People

 

Dr. Jenifer L. Bratter is a Professor of Sociology at Rice University and the founding director of BRIDGE (Building Research on Inequality to Grow Equity). Her current research explores the growing complexity of race and ethnicity in the 21st century and its bearing on the formation of families, identity, and social inequality. She has authored several peer-reviewed articles and co-edited Un Making Race and Ethnicity (with Michael Emerson and Sergio Chavez).  Through the Kinder Institute, Dr. Bratter has organized several events including “Having the Talk: Teaching Race in the Undergraduate Classroom” and “Measuring the Multiple Dimensions of Race”.  She was awarded the 2009 Woodrow Wilson National Fellowship Foundation for Career Enhancement to study patterns of residential patterns of mixed-race families.


Dr. Carrie Masiello has been a professor in the Earth, Environmental and Planetary Sciences since 2004 and is jointly appointed in the departments of Chemistry and Biosciences. She is part of a team of scientists working to harness the tools of synthetic biology to address theoretical problems in carbon and nitrogen cycling. Applied aspects of the Masiello group work include contributions to our understanding of the mechanisms controlling charcoal’s ability to sequester carbon and alter agronomic processes. She is committed to creative teaching and outreach designed to make science accessible to everyone. Dr. Masiello holds the W. Maurice Ewing Chair at Rice, is a Faculty Scholar at the Baker Institute for Public Policy, and is a Fellow of the Geological Society of America.


Dr. Leonardo Duenas-Osorio is a Professor of Civil and Environmental Engineering at Rice University. He obtained his Master degree from the Massachusetts Institute of Technology in 2001, and Ph.D. from the Georgia Institute of Technology in 2005, both in Civil and Environmental Engineering. He received the Science Applications International Corporation (SAIC) award in 2005 for the paper entitled “Interdependent Response of Networked Systems”, the Best Ph.D. Thesis Award in Civil and Environmental Engineering from the Georgia Institute of Technology in 2006 for his work on interdependent infrastructure performance modeling and prediction, the National Science Foundation (NSF) CAREER award in 2008 to investigate risk mitigation principles for smart utility systems, and the Outstanding Earthquake Spectra Paper of 2013 by the Earthquake Engineering Research Institute (EERI) for his contribution entitled "Calibration and Validation of a Seismic Damage Propagation Model for Interdependent Infrastructure Systems” published in the August 2013 issue of Earthquake Spectra.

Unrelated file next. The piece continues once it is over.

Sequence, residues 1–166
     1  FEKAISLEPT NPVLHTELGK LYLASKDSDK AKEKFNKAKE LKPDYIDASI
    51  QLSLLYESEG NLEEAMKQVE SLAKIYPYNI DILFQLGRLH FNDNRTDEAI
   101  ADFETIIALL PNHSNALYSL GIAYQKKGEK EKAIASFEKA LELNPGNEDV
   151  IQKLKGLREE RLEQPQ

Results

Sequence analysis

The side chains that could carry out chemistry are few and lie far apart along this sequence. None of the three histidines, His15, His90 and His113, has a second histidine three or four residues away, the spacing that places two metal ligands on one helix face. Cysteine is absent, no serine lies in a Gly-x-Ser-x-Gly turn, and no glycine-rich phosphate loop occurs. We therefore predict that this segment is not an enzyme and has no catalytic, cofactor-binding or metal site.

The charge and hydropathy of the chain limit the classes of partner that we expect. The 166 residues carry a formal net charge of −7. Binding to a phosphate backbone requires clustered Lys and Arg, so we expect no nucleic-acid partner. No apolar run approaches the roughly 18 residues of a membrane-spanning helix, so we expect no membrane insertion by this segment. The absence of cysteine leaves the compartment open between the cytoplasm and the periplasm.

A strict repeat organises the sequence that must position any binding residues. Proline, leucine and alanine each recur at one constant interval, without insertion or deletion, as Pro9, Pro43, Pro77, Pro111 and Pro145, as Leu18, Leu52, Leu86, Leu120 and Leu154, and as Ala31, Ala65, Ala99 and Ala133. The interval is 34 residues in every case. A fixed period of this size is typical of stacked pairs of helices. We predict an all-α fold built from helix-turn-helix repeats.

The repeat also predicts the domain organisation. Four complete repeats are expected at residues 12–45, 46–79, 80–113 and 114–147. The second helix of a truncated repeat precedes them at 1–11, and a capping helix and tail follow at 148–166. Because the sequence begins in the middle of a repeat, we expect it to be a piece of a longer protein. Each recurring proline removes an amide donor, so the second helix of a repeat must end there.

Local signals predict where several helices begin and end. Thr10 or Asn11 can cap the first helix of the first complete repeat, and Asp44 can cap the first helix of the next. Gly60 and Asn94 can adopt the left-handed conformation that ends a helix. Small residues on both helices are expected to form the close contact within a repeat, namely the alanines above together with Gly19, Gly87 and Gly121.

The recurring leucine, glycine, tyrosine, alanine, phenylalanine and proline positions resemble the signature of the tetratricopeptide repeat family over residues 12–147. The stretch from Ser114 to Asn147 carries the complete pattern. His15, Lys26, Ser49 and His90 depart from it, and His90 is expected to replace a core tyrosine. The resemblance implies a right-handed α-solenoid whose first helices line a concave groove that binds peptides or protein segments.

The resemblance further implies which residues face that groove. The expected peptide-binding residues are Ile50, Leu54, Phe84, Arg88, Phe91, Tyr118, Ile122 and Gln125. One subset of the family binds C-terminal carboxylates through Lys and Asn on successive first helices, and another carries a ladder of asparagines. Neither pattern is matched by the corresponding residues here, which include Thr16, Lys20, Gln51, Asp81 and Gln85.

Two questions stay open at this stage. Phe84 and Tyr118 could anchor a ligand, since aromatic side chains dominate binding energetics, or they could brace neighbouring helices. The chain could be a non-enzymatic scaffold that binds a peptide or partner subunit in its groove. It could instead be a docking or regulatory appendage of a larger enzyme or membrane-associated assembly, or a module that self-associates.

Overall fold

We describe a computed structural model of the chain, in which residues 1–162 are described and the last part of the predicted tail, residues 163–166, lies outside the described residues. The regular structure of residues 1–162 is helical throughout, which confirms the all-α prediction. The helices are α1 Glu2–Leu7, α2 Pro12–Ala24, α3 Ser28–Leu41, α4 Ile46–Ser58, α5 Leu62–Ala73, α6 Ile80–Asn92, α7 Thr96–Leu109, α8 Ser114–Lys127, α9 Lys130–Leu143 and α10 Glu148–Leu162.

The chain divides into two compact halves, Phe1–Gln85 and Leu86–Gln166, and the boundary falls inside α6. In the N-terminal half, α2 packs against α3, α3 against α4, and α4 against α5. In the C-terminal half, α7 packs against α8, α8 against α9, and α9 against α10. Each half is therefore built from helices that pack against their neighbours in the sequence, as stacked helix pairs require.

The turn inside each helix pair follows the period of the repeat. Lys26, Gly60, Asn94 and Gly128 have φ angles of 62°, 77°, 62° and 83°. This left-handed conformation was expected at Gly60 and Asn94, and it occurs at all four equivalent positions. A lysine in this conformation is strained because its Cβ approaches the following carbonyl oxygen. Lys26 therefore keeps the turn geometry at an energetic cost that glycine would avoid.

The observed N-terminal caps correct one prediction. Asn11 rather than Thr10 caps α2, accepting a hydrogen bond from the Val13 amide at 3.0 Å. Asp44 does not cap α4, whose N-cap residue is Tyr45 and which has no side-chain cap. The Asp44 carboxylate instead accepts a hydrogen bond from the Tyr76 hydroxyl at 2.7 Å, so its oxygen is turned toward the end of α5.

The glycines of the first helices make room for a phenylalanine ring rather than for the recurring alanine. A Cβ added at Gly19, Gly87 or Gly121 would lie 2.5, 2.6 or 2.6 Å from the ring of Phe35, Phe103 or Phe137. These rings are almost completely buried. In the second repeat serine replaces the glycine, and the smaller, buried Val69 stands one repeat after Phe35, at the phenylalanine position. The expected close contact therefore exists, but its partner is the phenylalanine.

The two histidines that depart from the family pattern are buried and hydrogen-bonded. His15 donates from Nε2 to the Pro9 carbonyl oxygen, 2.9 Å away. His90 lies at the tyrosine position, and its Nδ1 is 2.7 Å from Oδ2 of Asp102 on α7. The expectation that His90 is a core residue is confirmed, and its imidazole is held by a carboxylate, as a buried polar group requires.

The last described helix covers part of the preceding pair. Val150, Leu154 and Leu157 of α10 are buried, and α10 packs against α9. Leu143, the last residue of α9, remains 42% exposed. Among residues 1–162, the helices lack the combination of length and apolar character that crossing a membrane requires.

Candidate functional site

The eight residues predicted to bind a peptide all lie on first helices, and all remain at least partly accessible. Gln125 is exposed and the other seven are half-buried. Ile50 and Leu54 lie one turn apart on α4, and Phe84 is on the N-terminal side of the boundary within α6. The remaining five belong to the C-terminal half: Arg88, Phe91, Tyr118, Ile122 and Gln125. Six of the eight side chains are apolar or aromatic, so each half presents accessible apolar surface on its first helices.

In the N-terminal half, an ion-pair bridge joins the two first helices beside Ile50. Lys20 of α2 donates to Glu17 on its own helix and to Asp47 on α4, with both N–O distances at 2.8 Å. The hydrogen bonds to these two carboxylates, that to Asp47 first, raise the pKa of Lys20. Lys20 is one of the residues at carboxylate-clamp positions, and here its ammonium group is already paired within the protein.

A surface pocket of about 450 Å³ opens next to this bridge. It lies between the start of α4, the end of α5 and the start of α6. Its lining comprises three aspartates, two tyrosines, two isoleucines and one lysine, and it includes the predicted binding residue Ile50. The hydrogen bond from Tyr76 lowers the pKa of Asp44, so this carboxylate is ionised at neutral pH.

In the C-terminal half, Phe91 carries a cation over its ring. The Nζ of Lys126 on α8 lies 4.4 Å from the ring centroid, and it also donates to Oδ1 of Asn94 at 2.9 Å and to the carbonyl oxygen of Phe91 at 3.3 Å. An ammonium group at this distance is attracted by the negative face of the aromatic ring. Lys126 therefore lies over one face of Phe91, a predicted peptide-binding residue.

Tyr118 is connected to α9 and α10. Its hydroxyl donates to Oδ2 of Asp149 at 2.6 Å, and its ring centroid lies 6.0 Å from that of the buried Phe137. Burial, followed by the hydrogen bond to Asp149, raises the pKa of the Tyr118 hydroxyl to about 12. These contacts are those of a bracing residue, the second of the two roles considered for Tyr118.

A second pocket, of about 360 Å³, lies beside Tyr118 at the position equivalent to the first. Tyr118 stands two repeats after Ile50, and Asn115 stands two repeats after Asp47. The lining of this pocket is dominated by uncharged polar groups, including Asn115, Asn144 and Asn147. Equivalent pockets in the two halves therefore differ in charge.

Dr. Nicole A. Waligora-Davis is an Associate Professor of English at Rice University. She specializes in late-nineteenth and 20th-century African-American and American literary and cultural criticism, with a particular emphasis on black intellectual history, black internationalism, legal studies, critical race theory, and visual culture. She is the author of Sanctuary: African Americans and Empire (Oxford University Press, 2011). An associate editor of the award-winning Remembering Jim Crow (New Press, 2001), Waligora-Davis’s essays have appeared in numerous publications including the Cambridge History of African American Literature, the Cambridge Companion to American Literature after 1945Centennial ReviewAfrican American ReviewModern Fiction Studies, and the Mississippi Quarterly. She is currently working on a book-length study titled, The Murder Book: Race, Forensics and the Value of Black Life.


 

Dr. Alexander Byrd was appointed Vice Provost for Diversity, Equity and Inclusion in July 2020. In that role, Byrd provides high-level strategic leadership for diversity initiatives and coordinates offices across the campus to help create one point of responsibility for all programs and efforts around diversity. Byrd also is an associate professor of history. He began his career as a student of free and forced transatlantic black migration in the era of the American Revolution, and his book Captives and Voyagers was awarded the 2009 Wesley-Logan prize in African diaspora history. Dr. Byrd’s current research is focused at the intersection of urban history and the history of education. He recently presented aspects of this work-in-progress (on the efficacy of black teachers in black schools, and on diversity as a kind of white privilege) as the 54th Annual Furniss Lectures at Colorado State University. He is currently shepherding a collection of essays on the historical significance of race and place in Houston, Texas.